Web developers tell each other stories about browsers that just aren't true. Consider the following archetypal argments:
Everyone using IE 6 should upgrade. Sheeesh! Anyone running an old browser is doing it all wrong, and how hard can it really be?
Nice theory about not developing for old browsers, buddy, but I can't afford to stop supporting bad browsers and neither can anyone else. This is life on the web, suck it up.
These are the fables we tell each other to help explain a complicated world in self-affirming narrative form. The first boils down to "I can do it!" while the second is "I don't have to do it". The third is an argument about platform reach and the compromises you need to make to get your content everywhere. All are too simple, and all are insidious.
The first argument -- "I can do it!" -- is a coping mechanism gone too far. Should we always be building semantic markup that degrades well, works in down-rev browsers to the extent it can, and trying to fill in the potholes in the road with progressive enhancement? You bet. But lets be clear: the sorts of features that it's going to take to keep the web a competitive platform require new semantics. We need the browser to expose new underlying stuff that can't be faked.
For example, tools like excanvas,
dojox.gfx, and Raphaël let us draw vector graphics everywhere.
Do not mistake a little for a lot.
These tools, possibility expanding as they are, can't give us the order of magnitude improvements we will get out of GPU accelerated 2D and 3D contexts. If you build with the constraints of the old browsers in mind using tools designed for them, you won't be building the same sorts of things you would be if you could assume otherwise. Consider the costs: Instead of writing a little bit of script to deal with a
The next argument -- "I don't have to do it" -- ignores upgrade costs. I've written about this at eye watering length. This perspective has two common sources: looking at a small sliver of the browser market (e.g., mobile), and incomplete accounting of the costs involved in upgrades. Looking at only one part of the market is actually sane in the short run. Building for only one part of the market makes sense, so long as you can take out insurance (e.g., standards) that will help guarantee full market coverage over time. This is the most hopeful story in the whole HTML5 debate to me. You can focus (variously) on mobile, tablet, or Chrome Web Store and never leave the HTML5 bubble. And it gets bigger every day: IE 9 soon, new versions of every other browser even sooner, GCF, etc. As for the folks who can't understand why IT departments might not jump at the chance to throw out something that's working and/or might not be keen on user re-training...I've got nothing. Things that are costly will happen less. That's life. Also, please don't assume that by flagging these costs, I'm "excusing" organizations that are running IE6. It's a needlessly adversarial connotation. We need instead to explain reality as it is and find ways to move toward "better" from there. That's why I work on Chrome Frame. You might not agree with the approach, but the economic problem is real and we need a solution.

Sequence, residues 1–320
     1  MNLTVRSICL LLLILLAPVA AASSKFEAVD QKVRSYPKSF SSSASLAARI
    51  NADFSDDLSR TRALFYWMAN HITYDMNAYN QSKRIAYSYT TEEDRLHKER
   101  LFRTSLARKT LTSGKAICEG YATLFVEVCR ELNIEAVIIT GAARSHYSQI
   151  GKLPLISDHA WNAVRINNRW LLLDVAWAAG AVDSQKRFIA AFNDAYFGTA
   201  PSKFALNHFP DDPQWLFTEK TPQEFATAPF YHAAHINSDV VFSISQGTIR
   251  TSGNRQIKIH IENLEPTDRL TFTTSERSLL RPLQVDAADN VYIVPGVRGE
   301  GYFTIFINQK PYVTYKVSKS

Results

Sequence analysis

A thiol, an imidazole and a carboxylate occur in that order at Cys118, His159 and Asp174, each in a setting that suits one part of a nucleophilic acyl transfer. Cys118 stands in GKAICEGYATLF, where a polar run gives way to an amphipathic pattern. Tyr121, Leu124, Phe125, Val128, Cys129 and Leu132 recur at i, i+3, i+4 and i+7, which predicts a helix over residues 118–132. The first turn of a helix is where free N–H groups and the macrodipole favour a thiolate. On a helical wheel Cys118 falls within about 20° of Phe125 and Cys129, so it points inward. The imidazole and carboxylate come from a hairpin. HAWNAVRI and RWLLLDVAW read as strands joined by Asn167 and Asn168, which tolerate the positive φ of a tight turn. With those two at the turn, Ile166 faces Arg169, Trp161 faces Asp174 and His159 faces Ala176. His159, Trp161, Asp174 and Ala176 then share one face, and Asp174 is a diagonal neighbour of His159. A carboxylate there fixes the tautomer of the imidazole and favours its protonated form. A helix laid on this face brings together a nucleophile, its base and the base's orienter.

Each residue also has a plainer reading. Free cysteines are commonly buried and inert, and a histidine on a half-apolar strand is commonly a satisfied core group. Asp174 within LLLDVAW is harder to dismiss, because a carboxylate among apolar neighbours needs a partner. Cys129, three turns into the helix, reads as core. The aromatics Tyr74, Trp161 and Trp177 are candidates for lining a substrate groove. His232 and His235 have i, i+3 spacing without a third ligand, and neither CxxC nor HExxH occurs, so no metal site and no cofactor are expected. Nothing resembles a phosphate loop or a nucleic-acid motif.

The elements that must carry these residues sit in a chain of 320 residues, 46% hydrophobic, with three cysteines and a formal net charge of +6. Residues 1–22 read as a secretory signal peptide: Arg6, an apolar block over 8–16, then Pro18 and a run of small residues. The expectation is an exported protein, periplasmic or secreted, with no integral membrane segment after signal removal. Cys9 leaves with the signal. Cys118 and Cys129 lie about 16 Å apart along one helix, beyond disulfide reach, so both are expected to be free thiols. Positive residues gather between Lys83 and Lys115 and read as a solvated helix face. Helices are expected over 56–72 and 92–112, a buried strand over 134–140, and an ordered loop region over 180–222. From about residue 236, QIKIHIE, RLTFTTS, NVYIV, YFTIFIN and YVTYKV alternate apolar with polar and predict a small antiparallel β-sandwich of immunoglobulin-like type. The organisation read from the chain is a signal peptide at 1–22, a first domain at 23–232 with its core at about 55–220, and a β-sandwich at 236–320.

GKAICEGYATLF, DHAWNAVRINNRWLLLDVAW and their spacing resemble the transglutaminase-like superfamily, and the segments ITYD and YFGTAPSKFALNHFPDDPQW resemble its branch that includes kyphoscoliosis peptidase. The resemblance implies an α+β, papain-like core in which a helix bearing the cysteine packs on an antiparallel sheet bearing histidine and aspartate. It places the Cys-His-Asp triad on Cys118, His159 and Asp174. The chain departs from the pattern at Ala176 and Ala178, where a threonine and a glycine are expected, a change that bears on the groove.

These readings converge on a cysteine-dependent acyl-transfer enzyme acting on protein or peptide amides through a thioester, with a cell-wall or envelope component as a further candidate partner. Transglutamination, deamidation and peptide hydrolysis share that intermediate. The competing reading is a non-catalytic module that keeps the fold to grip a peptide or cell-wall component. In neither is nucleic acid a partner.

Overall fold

Lastly, the jaded realist. This is a perspective I know well. I wake up many mornings feeling this way, and who wouldn't after most of a decade spent trying to make browsers do things they were never designed to? What this story writes out, though, is any discussion of how we might improve the situation. It's easy to do. Focusing on the next month, or even the next year, you might get the sense that the browser landscape is more-or-less fixed. Hell, browser stats move in terms of less than a percent a month. But we'd be wrong to assume that slow is zero and that because things are slow now that they must be in the future. So to all you hard-bitten realists out there: I get it. I know what you mean. You don't have to believe that help is on the way. I only ask that when it arrives, you take just as much ferocious advantage of the new reality as you do of the current one.
The web is moving again -- finally -- and if we can find clear ways of thinking about the future, we can find easier paths to getting there. Focusing on the economics of browser adoption gives us a way to integrate all of these fables into our theory of the world, explaining them and showing their strengths and faults. It's for that reason I'm hopeful: approaches such as focusing on mobile and tools like Chrome Frame address the root causes of our mire, and that's something new under the sun.